Article Source: CDC
U.S. Antibiotic Awareness Week: Preserving the Effectiveness of Antibiotics
U.S. Antibiotic Awareness Week is November 18–24. The annual observance reminds us of the importance of preserving the effectiveness of life-saving antibiotics and preventing the spread of antibiotic-resistant infections, including those spread through food. Antibiotic resistance happens when bacteria develop the ability to survive or grow despite being exposed to antibiotics designed to kill them and is a significant global health challenge. Antibiotic-resistant infections are harder to treat and can cause more severe infections and even death.
There are steps everyone can take to preserve the effectiveness of antibiotics and prevent infections. At home, follow the four steps to food safety: clean, separate, cook, and chill. To help slow the spread of antibiotic resistance, take antibiotics only when needed and take them exactly as prescribed by your healthcare provider.
Every year, more than 660,900 people in the United States get sick from resistant Salmonella or Campylobacter—two bacteria commonly spread through food. These bacteria are becoming resistant to an increasing number of antibiotics.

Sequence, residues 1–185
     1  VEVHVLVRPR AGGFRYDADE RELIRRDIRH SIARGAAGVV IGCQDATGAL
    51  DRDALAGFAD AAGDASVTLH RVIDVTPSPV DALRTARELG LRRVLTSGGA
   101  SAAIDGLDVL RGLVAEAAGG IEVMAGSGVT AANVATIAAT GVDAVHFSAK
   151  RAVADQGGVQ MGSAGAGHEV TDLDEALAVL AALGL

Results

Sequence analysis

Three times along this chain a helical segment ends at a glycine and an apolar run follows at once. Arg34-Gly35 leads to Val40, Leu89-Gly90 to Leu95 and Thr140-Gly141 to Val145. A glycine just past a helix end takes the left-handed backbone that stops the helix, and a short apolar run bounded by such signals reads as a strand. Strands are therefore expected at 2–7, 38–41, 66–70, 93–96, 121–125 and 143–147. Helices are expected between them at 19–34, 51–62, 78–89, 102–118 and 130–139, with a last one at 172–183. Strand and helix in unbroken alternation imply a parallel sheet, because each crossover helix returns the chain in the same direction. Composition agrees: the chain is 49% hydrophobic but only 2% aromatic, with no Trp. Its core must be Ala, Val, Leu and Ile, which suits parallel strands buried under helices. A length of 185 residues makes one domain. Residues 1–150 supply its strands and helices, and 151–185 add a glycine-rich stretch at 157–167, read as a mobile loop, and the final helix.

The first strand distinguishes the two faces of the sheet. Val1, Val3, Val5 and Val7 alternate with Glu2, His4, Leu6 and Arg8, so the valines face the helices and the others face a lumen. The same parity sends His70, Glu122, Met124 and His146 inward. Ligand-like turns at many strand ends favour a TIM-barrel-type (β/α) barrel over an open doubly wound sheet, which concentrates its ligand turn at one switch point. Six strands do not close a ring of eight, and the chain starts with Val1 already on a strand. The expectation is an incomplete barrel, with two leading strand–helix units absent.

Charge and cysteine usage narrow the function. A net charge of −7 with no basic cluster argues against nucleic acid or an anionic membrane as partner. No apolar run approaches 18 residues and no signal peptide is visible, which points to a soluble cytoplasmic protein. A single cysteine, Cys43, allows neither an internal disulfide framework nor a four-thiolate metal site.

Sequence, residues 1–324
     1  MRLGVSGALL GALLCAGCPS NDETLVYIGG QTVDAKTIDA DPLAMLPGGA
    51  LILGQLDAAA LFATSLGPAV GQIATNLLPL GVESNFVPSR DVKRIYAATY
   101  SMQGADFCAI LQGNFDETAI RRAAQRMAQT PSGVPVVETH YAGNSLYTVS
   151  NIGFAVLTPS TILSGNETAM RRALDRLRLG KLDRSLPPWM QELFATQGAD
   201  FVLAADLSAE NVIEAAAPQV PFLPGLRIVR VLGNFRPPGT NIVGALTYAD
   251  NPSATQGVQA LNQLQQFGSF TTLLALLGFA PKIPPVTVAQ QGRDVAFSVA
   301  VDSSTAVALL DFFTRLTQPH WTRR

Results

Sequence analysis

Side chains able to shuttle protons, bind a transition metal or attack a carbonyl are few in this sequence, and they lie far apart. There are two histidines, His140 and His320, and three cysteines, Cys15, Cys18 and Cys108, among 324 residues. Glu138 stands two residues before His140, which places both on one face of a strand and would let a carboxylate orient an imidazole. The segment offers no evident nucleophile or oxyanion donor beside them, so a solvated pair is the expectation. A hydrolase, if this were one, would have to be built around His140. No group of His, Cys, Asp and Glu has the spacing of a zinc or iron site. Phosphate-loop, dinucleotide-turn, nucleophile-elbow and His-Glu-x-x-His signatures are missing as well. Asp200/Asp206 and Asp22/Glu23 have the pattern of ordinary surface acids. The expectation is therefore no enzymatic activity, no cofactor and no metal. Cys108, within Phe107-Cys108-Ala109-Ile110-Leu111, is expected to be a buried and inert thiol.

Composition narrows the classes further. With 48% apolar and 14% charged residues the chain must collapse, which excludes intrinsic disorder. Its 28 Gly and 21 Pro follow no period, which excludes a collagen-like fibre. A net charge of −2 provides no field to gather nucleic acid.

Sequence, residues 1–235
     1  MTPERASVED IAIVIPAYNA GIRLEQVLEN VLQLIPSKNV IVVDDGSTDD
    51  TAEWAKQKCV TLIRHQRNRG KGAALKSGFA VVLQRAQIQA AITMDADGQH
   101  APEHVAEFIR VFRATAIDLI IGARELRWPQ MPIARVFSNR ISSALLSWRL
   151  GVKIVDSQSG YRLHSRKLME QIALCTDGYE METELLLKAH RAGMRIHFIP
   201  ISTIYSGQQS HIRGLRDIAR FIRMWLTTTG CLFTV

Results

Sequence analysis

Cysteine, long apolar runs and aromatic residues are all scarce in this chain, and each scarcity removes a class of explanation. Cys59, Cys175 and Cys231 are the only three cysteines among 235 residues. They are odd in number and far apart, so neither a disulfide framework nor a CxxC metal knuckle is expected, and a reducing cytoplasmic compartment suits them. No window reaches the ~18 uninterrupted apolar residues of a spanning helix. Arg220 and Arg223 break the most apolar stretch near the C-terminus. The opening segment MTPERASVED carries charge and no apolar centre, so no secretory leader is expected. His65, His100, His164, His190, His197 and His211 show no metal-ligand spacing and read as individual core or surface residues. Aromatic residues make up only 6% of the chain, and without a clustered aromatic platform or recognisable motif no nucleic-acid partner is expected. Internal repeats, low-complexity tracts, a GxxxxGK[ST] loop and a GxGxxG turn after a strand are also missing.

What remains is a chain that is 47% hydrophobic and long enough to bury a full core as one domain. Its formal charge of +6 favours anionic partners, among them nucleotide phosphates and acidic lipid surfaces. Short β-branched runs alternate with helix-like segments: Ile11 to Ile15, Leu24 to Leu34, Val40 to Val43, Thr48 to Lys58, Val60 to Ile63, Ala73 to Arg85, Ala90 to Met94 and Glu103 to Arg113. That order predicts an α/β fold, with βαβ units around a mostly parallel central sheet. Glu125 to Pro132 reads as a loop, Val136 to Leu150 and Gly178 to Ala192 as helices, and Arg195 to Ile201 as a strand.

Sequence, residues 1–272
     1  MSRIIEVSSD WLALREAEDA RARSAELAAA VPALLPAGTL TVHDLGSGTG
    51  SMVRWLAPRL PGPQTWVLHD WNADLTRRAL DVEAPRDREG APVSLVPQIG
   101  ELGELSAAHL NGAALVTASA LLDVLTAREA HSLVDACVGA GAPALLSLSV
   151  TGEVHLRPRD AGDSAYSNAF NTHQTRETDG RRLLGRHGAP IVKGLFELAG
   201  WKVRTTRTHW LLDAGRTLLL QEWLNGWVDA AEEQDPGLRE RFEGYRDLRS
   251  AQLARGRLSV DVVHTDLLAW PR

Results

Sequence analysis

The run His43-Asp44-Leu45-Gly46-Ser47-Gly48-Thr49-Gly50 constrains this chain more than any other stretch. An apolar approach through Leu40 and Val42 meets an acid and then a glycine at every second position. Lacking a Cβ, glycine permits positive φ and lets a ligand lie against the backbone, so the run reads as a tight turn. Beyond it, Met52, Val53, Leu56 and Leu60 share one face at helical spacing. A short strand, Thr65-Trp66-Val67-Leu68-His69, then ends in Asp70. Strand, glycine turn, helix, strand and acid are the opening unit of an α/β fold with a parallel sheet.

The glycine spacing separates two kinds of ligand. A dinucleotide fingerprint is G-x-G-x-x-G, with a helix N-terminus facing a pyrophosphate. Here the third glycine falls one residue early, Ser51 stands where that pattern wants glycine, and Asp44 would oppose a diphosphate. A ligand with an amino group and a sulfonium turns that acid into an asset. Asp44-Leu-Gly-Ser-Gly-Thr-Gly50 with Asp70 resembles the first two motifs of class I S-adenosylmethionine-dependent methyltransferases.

Antibiotics are not usually needed to treat food poisoning, and unnecessary use of antibiotics can contribute to antibiotic resistance. However, people who get severe infections (or those at risk of severe infections) may need antibiotics to recover. Everyone can help keep antibiotics working for when we really need them by improving antibiotic use.
Food Safety Tips During the Holidays
Preparing a delicious meal is a great way to create a memorable holiday with your household. Read CDC’s updated feature, Food Safety Tips for the Holidays, for simple tips to help prevent food poisoning throughout the season and year-round. This feature is also available in Spanish.
For more tips on how to plan for the holidays during COVID-19, visit CDC’s Holiday Celebrations.
Prevention Priorities Website Live
In January 2020, the Division of Foodborne, Waterborne, and Environmental Diseases (DFWED) identified seven prevention priorities to address some of the most pressing concerns among foodborne, waterborne, and fungal diseases: Adoption of the Model Aquatic Health Code, Aspergillosis and Triazoles, Cholera, Shiga toxin-producing E. coli and leafy greens, Salmonella and chicken, Salmonella and ground beef, and Vibriosis and shellfish. DFWED launched the first phase of its new Prevention Priorities website on October 15. Please visit the website to learn more about the priorities and share this announcement with your partners.